Member AUM
$70 trillion

Labour Risk in Meatpacking is on the Rise: 3 Key Findings

WC Insight Image
20 March 2024
Key Topic(s)
Social Risk
Working Conditions

In 2023, FAIRR and a group of investor members engaged six global meat processors to strengthen corporate policy, enforcement mechanisms, and data reporting practices to amplify worker voice to promote a stable, productive, and healthy workforce. Specifically, through the themes of health and safety, fair working conditions, and worker representation. These areas are key for companies to hear workers’ unique perspectives and on-the-ground insights across operations, enabling them to mitigate labour risks more proactively and efficiently, before they lead to operational setbacks, reputational damage, or litigation.  

This year’s progress report puts a magnifying glass on important industry issues, including the three explored below. 

For FAIRR’s full analysis and company findings, download the report.  

Labour shortages continue

Labour shortages in meat production continue to intensify across markets, including the US and UK, and companies are struggling to recruit locally. This leads to operational disruption as companies are not able to operate at full capacity, hindering their ability to deliver on expansion plans and therefore impacting their bottom line (as experienced during the pandemic).  

Companies are taking some action, including enhancing employee benefits to attract a more stable workforce. However, these efforts have failed to address ongoing labour shortages and fall short of improving actual working conditions (such as wages, sick pay, shifts and scheduling, plant-level ergonomics, etc). As a result, half of the companies in the engagement have temporary migrant and refugee labour. Any reliance on vulnerable worker groups can increase operational, compliance, and reputational risks for a company. This is due to the direct dependence of migrant workers on their employers, which increases the likelihood of exploitation and poor working conditions.1 However, it is unclear whether this is a short-term measure or part of a long-term labour strategy from the companies.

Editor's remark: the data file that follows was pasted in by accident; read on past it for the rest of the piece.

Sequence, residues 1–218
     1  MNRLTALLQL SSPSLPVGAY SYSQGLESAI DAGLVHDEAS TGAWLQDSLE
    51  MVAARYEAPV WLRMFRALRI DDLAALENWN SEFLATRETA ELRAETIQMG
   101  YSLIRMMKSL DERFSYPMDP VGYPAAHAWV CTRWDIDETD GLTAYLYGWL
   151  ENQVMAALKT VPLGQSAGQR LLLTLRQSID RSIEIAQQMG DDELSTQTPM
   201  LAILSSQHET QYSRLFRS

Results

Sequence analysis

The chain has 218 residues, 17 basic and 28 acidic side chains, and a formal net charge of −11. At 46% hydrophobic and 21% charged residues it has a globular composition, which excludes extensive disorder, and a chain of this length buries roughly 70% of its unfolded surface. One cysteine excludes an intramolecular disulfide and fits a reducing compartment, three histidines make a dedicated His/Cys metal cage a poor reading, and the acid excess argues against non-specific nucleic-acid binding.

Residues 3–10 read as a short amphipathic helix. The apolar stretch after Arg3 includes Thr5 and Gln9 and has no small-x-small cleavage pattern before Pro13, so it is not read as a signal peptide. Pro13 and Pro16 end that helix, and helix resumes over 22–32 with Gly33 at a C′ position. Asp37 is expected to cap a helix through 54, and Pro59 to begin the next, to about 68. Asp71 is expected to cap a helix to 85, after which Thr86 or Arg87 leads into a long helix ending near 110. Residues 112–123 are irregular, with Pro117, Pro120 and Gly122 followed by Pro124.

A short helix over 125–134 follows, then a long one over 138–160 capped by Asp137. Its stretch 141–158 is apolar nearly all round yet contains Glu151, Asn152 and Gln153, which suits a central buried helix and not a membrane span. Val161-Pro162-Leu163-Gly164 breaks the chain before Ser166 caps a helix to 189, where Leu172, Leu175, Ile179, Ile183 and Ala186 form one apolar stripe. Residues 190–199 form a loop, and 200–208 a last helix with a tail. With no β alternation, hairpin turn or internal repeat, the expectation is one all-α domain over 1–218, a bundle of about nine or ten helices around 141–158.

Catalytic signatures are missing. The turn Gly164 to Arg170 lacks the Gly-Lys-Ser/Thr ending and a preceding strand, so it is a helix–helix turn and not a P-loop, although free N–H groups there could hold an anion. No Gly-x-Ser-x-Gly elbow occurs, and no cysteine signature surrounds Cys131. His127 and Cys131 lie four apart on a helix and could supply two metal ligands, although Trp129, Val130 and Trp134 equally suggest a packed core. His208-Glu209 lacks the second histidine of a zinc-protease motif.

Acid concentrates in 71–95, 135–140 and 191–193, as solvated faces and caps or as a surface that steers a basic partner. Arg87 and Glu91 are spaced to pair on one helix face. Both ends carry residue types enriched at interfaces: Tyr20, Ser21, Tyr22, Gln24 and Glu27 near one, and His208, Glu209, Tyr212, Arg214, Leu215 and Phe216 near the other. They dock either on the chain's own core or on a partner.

Companies report limited evidence of consulting their workforce and no evidence of consulting labour representatives on how to become employers of choice.     

Subcontracting presents a growing risk to companies

Oversight of subcontracted workers is key to preventing reputational and legal risk. In the US, a Department of Labor investigation established that 4 of the 6 companies in the engagement were connected to a cleaning subcontractor employing children in violation of labour laws. To date, JBS is the only company that has made a public statement and taken action to address on the issue. 

Meat processing companies need to improve their oversight to avoid fostering such violations, by auditing labour agencies and carrying out their full human rights due diligence. 

Most companies in this engagement offer insufficient reports of board oversight of labour issues, particularly in relation to subcontracting, which aligns with the low data available on the topic.